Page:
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Constancy of light speed implied in time and clocks !

  1. Oct 25, 2009 #1
    From "The conceptualization of time and the constancy of the speed of light", Vasco Guerra and and Rodrigo de Abreu.

    I just came across this article which proves that the speed of light had to be constant by just assuming "good" clocks record time correctly irrespective of orientations.

    Consider 2 similar (Feyman) clocks that record a "tic-tac" round trip period with a light photon reflected perpendicularly by 2 parallel mirors. Rotating one 90 degree gives the equivalent of the Michelson Morley experiment ! Thus the constancy of the speed of light.

    Seems brilliant, but I am no physicist. Can someone comment.

    Are these authors first with this idea.
  2. jcsd
  3. Oct 25, 2009 #2

    George Jones

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  4. Oct 25, 2009 #3
    Sure it would follow that the speed of light is constant if we assume those "good" clocks keep proper time. Just like it follows that those clocks will keep proper time if we assume the speed of light is constant.

    But, a priori, without an assumption that the speed of light is constant, what basis is there to assume those clocks will keep proper time? If we don't assume the speed of light is constant, we have no reason to believe they will, and no explanation as to why they would even if we had experimental data.

    Logically, the clocks would keep good time because the speed of light is constant, not the other way around.
  5. Oct 26, 2009 #4
    Nothing is assumed about proper time or about any frames comparisons. Only assumption is all type of clocks (and orientation) give the same reading. Each of the two Feynman light clocks could have been accompanied by a any similar precision mechanical clocks to collaborate their readings which should confirmed those two light clock must give equal readings irrespective of motion, allowing even under acceleration !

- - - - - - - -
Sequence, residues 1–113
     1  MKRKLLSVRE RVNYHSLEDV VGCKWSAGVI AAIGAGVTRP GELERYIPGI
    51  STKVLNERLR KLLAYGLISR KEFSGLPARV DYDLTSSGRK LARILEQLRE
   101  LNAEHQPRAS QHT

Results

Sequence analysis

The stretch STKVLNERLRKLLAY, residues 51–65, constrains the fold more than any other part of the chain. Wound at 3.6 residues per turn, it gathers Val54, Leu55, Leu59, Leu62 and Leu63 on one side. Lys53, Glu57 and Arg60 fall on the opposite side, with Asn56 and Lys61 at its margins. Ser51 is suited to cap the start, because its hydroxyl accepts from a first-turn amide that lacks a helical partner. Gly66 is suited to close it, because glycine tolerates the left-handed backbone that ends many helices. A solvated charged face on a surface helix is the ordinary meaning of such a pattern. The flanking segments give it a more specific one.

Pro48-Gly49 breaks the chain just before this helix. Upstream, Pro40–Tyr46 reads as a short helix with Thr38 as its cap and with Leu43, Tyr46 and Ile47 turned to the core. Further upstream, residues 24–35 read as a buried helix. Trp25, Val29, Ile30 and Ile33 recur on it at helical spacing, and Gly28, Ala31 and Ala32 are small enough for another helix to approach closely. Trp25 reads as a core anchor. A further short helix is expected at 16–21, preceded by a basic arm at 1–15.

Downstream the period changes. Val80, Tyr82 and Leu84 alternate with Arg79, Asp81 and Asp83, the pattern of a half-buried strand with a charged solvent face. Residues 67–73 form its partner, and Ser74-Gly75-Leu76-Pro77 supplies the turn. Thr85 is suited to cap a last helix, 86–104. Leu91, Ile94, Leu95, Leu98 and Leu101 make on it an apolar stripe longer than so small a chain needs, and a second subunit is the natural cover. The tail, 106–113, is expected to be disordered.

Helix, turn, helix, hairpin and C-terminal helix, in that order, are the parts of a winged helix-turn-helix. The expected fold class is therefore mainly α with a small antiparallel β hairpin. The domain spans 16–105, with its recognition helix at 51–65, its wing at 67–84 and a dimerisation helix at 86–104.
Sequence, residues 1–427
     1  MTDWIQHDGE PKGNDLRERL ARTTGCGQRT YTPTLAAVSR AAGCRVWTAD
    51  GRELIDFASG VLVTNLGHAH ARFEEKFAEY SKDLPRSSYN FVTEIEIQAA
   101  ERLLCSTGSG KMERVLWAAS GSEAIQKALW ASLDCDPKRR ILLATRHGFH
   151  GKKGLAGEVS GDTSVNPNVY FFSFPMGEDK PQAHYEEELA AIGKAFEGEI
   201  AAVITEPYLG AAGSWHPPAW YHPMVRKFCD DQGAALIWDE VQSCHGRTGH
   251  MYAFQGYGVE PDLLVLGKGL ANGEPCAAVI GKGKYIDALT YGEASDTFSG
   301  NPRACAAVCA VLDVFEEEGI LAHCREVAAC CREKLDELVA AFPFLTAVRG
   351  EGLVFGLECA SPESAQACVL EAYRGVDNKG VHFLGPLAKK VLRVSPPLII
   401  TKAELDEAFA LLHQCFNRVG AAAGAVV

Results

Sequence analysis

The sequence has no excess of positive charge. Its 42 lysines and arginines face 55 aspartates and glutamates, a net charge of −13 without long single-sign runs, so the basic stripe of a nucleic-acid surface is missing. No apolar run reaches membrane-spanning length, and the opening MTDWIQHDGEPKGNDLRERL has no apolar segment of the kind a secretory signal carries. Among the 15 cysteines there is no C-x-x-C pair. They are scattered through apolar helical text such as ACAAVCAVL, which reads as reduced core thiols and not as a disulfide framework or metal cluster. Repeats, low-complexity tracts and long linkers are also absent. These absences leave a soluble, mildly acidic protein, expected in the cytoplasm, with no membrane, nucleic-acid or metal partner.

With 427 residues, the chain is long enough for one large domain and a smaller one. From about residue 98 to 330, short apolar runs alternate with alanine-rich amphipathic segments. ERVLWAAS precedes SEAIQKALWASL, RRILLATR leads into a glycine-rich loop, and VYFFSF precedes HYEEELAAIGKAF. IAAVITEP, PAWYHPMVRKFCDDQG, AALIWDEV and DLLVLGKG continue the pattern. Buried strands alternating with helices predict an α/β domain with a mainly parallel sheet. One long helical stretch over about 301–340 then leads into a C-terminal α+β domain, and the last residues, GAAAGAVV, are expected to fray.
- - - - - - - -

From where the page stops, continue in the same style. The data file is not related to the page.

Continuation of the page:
The two light clocks in the OP giving equal readings would imply that the 2-way average light speed would be the same in the two different directions. The experimenter of the Michelson Morley experiment expected the light speed in the perpendicular beams to travel with different speed due to the ether speed of the light source.

    I only vaguely understand the original articles. What I think it stressed seems to be "time" is only as meaningful as the "best" clocks we agree on and time is nothing but readings of such clocks. Without clocks, there is no notion of time. The ancient "clock" is the recurrence of sunrise and sunset.

    So the original article's premise is the notion of time and its inalienable dependence on clock readings would have logical contradictions if the speed of light is not constant. Thus a proof of constancy through refutation.
  6. Oct 26, 2009 #5
    We could argue about the "goodness" of the two Feynman clocks, that such light clocks are not "good" if we don't know if the speed of light in both directions are the same.But in this manner we could always use the "badness" of clocks to reject any findings. In the case of the experiment which involved taking one clock around the world and comparing it with a clock at home, we could just dismiss the clocks as unreliable. They are good when calibrating each other and "bad" when one goes round the world. So any such experiment has no meaning !

    Finally, then, what is time and clocks ?
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